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Workplace ethnographies – an underestimated source of subject oriented work research

Andrea Gabler

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The article tries to argue why workplace ethnographies, with their deep immersion into daily social action, are more than other approaches appropriate to illuminate hidden and subjective levels of work. Insofar they should be more picked up by the current debates on subjectivation, subjectivity and informal organisation of work in German sociology of work and industrial sociology. A cursory view of the rich tradition of ethnographic research and of examples within the anglophone language area will show the methodical and factual gains of this approach. The US-American “Workplace Ethnography Project” demonstrates an interesting way to deduce more general insights and patterns from ethnographic case studies. Exemplary findings can be linked to the German debate. Finally a view on one of the few German ethnographic studies will show its value to the analysis of subjectivity, subjectivation and informal organisation of work: and gives reasons for pursuing similar research.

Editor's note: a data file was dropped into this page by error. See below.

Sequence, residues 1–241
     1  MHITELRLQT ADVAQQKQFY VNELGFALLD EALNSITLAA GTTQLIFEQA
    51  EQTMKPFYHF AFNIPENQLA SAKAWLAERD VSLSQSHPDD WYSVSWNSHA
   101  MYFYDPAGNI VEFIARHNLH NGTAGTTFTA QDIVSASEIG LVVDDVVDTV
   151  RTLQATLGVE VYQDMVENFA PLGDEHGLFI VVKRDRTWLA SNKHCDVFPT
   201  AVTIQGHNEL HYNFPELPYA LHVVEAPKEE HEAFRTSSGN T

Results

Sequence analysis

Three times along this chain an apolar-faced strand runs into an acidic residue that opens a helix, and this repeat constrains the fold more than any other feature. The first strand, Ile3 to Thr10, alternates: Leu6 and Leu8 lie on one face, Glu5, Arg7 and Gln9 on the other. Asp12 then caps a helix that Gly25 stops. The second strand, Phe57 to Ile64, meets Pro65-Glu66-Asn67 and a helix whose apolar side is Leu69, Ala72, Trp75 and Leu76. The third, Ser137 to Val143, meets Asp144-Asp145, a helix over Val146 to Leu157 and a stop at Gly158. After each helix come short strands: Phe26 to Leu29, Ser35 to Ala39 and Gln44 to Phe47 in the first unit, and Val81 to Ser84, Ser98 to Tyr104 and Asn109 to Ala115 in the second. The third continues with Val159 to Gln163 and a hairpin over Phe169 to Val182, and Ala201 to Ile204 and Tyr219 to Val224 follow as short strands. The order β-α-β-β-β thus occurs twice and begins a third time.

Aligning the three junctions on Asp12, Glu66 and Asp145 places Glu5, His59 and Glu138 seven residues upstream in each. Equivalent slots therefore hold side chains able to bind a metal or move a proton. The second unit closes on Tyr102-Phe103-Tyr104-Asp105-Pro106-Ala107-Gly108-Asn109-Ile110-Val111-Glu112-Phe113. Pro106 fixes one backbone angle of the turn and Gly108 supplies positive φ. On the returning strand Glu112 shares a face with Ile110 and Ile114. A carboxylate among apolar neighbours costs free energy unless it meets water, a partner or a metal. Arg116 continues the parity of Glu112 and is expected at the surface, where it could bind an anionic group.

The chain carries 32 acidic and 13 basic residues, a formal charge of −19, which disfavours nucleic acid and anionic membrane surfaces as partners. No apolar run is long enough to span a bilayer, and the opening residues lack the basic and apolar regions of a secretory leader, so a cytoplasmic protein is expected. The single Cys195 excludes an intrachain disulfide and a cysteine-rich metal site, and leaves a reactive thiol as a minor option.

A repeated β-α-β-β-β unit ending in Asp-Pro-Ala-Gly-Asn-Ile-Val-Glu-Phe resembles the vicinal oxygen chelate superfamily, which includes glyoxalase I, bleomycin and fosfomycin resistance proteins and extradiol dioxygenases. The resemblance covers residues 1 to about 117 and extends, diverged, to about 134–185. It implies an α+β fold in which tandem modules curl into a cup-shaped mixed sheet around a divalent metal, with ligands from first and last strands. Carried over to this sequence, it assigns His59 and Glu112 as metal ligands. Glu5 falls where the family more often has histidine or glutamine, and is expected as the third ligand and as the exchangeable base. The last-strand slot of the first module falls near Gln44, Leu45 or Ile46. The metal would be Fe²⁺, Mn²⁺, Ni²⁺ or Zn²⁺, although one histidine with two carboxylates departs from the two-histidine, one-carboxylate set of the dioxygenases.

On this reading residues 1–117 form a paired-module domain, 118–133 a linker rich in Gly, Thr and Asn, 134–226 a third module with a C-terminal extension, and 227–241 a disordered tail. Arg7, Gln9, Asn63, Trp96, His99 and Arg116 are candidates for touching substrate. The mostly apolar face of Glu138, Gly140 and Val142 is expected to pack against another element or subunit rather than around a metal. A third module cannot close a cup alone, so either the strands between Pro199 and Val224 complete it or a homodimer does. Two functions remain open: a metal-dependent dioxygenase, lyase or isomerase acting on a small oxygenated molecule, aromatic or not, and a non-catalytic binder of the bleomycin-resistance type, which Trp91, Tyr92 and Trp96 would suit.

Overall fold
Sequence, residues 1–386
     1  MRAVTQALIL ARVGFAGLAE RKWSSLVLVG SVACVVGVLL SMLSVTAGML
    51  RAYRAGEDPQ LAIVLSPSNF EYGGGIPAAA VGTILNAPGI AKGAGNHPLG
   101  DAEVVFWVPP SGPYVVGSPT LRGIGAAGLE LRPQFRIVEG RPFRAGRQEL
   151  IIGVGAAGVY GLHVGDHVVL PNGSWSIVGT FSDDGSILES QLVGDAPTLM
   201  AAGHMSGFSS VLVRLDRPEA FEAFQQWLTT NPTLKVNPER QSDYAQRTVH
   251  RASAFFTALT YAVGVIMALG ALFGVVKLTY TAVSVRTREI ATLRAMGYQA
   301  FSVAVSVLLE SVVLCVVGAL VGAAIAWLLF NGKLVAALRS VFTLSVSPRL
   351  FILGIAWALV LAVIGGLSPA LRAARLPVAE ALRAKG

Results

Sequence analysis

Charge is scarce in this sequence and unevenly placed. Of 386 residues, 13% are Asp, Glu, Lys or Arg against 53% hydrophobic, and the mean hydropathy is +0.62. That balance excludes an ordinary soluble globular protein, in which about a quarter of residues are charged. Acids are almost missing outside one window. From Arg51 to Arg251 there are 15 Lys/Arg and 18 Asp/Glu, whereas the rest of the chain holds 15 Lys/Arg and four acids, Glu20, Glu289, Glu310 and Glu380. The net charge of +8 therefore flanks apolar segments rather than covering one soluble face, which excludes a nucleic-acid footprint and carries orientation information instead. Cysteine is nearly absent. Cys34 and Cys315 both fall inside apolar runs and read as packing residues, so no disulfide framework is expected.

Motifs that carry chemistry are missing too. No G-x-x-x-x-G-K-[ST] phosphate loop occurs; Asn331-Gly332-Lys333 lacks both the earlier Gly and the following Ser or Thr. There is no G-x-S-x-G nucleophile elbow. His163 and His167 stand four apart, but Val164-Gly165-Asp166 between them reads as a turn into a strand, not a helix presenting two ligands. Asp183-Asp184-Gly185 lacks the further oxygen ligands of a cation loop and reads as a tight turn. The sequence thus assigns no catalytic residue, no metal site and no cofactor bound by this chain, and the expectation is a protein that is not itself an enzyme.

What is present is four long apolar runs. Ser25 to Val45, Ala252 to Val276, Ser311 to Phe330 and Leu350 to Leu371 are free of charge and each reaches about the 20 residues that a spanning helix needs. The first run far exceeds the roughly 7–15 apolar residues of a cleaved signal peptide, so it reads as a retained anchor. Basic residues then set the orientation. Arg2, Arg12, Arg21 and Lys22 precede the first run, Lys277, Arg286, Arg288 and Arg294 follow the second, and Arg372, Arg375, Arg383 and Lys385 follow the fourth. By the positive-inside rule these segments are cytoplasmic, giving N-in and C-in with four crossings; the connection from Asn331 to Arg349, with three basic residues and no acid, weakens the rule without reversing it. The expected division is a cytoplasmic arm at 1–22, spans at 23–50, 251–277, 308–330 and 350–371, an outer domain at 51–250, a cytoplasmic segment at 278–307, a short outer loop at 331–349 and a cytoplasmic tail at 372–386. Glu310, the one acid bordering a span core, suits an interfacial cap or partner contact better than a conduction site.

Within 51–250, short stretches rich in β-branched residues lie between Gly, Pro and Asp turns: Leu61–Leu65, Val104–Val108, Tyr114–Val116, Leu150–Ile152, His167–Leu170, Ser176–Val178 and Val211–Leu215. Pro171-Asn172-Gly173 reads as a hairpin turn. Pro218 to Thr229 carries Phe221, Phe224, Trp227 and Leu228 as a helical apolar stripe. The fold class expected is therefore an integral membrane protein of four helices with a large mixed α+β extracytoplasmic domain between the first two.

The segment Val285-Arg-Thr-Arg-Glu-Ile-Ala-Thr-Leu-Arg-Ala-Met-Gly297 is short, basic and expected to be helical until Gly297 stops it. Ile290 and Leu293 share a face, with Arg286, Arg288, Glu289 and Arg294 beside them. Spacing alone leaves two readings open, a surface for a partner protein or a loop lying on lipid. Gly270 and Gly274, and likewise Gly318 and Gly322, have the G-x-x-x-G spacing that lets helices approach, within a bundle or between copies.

Keywords: workplace ethnography, subjectivation of work, informal organisation of work, transformation of work, subject-oriented work research